Basically the article can be summed up as:
1. "Oh, we interviewed Steven Romick but we're not gonna post the transcript here since we're still writing it!"
2. "Who's Romick, you ask? Oh he's the VI who avoided financials before the bubble burst, unlike many other VI's and prominent contemporaries!"
3. "Let us take this time to remember Peter Lynch, who tells us to focus the business model and the sustainability of their business model."
In retrospect, the key takeaway really was Peter Lynch's statement.
Anyone who picks this apart can easily see he was referring to the industry here, which may or may not be ultimately tied to overall macro environment.
Take China for example, whose steelmakers are reportedly struggling with weakening demand and overcapacity. PRC has approved multiple government projects (and recently published them to induce euphoria among watchers and foreign economists alike) that must be invested in a PPP setup — funded by both the State and the Private Sector — whose ultimate productivity (insofar as the state's finances are concerned) are uncertain and can potentially end up like Spain's phantom infrastructure.
Bottom-up value investors who care about the macro would see that the government is attempting to stimulate economic growth. Whether or not steelmakers will grow or stagnate further depends on these projects following through (domestic demand), external demand for steel (international sales), or at least the success of their struggle to diversify from the steel industry (alternative sources of income; if they choose to finance part of the project, then the question of their usage comes into play).
This information clearly affects the value investor's perceived risk and the corresponding intrinsic value estimate, which in turn determines the margin of safety and the decision to deploy capital or not.
The "macro" can also equate to things that don't end strongly impact the business fundamentals, but slash the market price down a great deal, which again requires knowledge of the product and the business model of the underlying company.
Let's take Bernanke's QE3. I've come across multiple sources that, in spite of high expectations for QE3, downplay the impact of QE3 (e.g. Mauldin, Alphaville, even Damodaran) and one had a former Fed governor outright proclaiming that monetary stimuli "can only do so much" when fiscal policies, growth of the real economy, and underlying demographics all carry much higher weights than money printing alone. A recession slapped on us by the fiscal cliff will lower stock prices and can potentially threaten medium-term sales for the defense industry, and the short-term performance for businesses reliant on spending by consumers and the private sector.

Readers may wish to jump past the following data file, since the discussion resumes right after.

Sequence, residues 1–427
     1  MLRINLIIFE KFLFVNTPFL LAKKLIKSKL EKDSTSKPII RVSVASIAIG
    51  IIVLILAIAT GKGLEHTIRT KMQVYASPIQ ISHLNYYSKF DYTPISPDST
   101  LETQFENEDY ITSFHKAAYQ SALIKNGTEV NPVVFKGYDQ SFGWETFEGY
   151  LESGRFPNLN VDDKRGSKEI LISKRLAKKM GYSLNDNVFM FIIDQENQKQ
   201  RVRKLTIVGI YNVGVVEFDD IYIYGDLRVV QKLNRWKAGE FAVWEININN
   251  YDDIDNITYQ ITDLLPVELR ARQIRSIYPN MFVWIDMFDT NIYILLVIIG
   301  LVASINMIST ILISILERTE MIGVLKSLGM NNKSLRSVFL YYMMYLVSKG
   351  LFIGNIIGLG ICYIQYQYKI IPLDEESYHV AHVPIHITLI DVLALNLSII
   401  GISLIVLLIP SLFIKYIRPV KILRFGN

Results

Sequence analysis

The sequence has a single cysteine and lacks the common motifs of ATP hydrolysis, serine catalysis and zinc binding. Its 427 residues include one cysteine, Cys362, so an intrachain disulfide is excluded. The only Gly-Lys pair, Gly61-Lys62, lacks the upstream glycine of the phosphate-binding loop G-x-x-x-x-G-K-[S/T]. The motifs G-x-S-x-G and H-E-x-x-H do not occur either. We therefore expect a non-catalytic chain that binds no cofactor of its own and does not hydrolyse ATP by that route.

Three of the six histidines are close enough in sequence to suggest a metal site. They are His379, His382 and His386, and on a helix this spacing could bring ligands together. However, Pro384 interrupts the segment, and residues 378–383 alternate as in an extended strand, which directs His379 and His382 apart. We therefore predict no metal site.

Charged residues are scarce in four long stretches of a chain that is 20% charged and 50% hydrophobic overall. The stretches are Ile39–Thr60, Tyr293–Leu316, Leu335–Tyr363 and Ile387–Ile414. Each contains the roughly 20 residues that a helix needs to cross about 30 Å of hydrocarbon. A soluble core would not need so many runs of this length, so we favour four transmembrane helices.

Value investors who are aware of other macro fundamentals can: (i) hedge on the QE's being overshadowed by other, more relevant indicators, (ii) average down on the high-beta company when the market implodes from the betrayed expectations, (iii) pile a little more cash for the recession ahead, and/or (iv) identify value opportunities in the defense industry (Science of Hitting has FLIR in his sights), either putting your foot through the door by a small yet sizable acquisition (to average down significantly later on) OR placing it in your watch list.
And if the decision was wrong to begin with and there's no recession or decreased quarterly performance of other industries in mainstream media like MarketWatch and Jim Cramer? Why should you care? You've already acquired the companies at a good price, and if you can't get more at the same or better, then move on, look for other opportunities, and direct the accumulated capital there before inflation destroys you. It's as simple as that.
To conclude, the macro is necessary for a bottom-up value investor. It is useful in adjusting intrinsic value estimates and perceived risk, and can be used to justify capital hoarding for "just in case" scenarios.
In the meantime, I'm going to bet that the transcript of GuruFocus's interview with Romick will contain these points. Anything beyond that... well, we're all here to learn, right?